Terry Barr

Terry Barr

Terry Barr is a native of Bessemer, Alabama, having graduated from Jess Lanier High in 1974, and the University of Montevallo in 1979. He received his Ph.D. in English from The University of Tennessee in 1986 and has been a Professor of English at Presbyterian College in upstate South Carolina since 1987. He is the author of three essay collections, most of which concern his memories of Alabama, and the latest of which–Secrets I’m Dying to tell You–was published this past summer by Red Hawk Press and is available on Amazon. He lives in Greenville, SC, with his family and writes at Medium.com/@terrybarr. His email is gtbarr@presby.edu

Plantation Myths

“Another old BBQ restaurant. The ‘Old Plantation’ downtown had great BBQ. Opened in the 20s, it stereotyped blacks and did so until near its demise in 1972 when ownership changed. It stayed open several years after under new management. The “Yes suh, it was cooked in da pit” sign was removed. Too little too late I suppose” (From Hahn’s Historic Birmingham Facebook page, public group).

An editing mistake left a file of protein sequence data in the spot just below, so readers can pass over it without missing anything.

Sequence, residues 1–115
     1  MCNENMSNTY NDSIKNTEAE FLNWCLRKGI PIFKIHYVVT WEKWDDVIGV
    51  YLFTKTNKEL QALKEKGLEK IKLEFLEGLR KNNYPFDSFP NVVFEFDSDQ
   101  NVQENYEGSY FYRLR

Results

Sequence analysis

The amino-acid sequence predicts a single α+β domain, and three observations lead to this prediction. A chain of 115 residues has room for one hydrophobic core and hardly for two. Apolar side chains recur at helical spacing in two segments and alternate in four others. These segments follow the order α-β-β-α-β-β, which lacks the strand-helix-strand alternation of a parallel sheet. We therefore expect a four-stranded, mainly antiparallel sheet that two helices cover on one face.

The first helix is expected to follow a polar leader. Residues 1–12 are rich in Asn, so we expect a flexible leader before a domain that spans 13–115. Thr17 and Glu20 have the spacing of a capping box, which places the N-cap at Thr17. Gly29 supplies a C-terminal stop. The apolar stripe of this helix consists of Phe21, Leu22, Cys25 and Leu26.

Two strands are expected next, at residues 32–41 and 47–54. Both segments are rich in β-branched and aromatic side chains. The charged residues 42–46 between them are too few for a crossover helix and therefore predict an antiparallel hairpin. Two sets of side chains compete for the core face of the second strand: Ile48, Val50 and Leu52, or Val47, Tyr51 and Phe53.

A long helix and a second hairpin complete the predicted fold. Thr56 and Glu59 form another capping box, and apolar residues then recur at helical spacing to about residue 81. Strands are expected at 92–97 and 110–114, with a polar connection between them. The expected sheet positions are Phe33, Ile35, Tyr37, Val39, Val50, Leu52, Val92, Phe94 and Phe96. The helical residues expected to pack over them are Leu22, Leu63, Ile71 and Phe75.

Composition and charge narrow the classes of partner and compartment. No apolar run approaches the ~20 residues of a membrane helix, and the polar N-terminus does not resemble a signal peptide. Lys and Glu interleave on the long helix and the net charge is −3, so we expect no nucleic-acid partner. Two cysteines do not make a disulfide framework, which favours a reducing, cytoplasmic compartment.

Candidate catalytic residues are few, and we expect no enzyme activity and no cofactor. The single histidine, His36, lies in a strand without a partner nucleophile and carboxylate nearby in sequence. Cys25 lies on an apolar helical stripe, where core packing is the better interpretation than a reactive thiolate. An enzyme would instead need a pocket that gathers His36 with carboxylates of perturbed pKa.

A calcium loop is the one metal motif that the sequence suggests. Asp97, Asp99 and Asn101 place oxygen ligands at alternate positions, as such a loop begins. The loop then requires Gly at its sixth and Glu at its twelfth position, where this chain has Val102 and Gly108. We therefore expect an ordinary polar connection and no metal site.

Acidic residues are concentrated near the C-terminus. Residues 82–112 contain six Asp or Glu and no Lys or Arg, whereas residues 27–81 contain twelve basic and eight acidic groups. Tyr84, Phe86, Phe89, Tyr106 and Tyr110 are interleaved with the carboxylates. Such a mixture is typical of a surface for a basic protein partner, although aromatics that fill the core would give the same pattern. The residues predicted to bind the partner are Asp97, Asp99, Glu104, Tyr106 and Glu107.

You can see the words as clearly as I can; as I did every time we drove past the Old Plantation on Birmingham’s First Avenue. The hickory smoke hit you full in the face if you kept your car windows rolled down, which we always demanded when we neared the joint. Such a sweet aroma, tempting, though to my memory, my family never ate there, or at least never went inside.

When I worked for my father at Standard Jewelry Company, roughly six blocks from the Old Plantation, sometimes the elders would order takeout, and that’s my only memory of eating this old style pit barbecue. You know they used a pit and real hickory wood because of the brick chimney you see to the right in the photo, and because I vouch for the smoke aroma and taste.

Though Alabama does wrong so often, people in the state know how to cook real pit, delicious barbecue.

But taste and cooking techniques aren’t the issue here.